Survivors process things differently. So many normal situations, in life, become venues of panic, fear and intensity for a person suffering with PTSD. My ex husband used to come home and “dump” (for lack of a better term) on me, after work or seminary, every single day. He would fill me with insecurity, as he wondered aloud if he would be able to keep his job or we would be able to make ends meet. He would tell me things that kept me on edge and fearful. When he was a pastor, he would tell me all the bad things people were saying about me (Megan) and how I seemed to be failing, as a pastor’s wife (I found out, years later, that none of this was true). He kept me isolated in a miserable existence and left alone to question myself (and our place) in this awful, awful world that he created.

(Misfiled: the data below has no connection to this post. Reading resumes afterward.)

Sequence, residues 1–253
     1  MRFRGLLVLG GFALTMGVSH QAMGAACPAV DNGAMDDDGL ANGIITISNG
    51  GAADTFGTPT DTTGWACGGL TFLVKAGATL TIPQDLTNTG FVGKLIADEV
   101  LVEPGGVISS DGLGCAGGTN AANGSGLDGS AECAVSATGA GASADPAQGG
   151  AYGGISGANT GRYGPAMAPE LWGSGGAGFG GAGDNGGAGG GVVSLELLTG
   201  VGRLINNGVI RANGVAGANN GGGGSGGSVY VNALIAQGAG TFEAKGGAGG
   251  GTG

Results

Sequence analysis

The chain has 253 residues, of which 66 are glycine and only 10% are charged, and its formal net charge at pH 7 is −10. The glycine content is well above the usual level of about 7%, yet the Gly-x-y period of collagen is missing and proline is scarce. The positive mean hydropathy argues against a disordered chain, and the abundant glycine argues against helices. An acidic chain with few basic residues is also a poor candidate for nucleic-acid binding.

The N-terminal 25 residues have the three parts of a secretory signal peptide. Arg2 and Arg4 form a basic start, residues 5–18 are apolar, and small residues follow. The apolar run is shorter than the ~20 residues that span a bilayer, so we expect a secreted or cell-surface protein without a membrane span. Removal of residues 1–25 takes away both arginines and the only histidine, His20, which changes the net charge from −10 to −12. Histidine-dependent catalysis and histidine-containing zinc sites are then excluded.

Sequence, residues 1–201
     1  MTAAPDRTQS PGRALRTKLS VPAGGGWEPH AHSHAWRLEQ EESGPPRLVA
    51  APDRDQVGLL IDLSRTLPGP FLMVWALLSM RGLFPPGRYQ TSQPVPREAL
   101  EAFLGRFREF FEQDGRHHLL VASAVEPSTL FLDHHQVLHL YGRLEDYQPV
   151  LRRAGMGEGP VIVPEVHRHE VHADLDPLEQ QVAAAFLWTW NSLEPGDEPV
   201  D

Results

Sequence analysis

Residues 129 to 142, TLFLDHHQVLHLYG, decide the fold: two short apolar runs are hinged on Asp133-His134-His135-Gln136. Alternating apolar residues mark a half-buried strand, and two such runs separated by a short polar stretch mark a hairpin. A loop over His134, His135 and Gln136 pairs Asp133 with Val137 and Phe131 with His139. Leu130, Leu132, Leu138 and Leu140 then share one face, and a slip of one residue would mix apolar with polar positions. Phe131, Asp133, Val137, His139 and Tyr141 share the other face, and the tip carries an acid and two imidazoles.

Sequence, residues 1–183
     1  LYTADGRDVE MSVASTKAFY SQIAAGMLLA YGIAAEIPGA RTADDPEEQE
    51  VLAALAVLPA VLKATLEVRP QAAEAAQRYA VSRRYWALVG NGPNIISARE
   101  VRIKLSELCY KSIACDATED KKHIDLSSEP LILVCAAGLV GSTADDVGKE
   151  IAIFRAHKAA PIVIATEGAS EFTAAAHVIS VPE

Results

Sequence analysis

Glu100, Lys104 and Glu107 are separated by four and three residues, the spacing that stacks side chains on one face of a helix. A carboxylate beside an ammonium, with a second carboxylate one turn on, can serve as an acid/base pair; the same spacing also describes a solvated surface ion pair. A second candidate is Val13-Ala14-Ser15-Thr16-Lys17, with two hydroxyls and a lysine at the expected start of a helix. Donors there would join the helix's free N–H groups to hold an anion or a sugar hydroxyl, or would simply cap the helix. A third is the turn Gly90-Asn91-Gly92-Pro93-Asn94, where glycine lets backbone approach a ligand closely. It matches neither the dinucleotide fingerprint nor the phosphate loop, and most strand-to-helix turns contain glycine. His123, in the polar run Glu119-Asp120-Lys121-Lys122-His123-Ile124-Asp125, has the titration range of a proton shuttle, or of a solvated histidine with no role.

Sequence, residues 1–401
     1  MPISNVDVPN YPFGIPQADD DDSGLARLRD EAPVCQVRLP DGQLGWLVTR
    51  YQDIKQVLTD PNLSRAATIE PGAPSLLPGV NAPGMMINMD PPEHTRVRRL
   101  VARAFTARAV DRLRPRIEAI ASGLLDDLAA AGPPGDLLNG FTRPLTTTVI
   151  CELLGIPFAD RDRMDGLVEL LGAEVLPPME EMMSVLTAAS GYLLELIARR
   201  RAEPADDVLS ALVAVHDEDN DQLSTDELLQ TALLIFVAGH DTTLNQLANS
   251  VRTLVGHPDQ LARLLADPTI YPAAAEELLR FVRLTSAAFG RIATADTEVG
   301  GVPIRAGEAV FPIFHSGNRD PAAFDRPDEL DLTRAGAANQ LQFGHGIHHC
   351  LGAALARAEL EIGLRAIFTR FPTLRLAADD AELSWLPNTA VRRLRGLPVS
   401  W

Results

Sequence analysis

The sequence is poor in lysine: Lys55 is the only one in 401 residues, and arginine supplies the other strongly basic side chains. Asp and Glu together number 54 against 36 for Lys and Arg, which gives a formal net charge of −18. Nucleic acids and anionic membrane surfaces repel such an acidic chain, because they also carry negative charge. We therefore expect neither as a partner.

As a result of years of these kinds of repeated experiences with my ex husband, when my children were smaller and would come home from school and tell me about their day, I was filled with panic. It was disproportionate to what was happening. But, my heart would race as I would listen and my voice would get high-pitched and I would be filled with terror (I am sure that my response was very strange to my children). I was, somehow, relating what my ex husband would do to me with the normal, every day child-talks about school days. It did not make sense. But, triggers rarely do.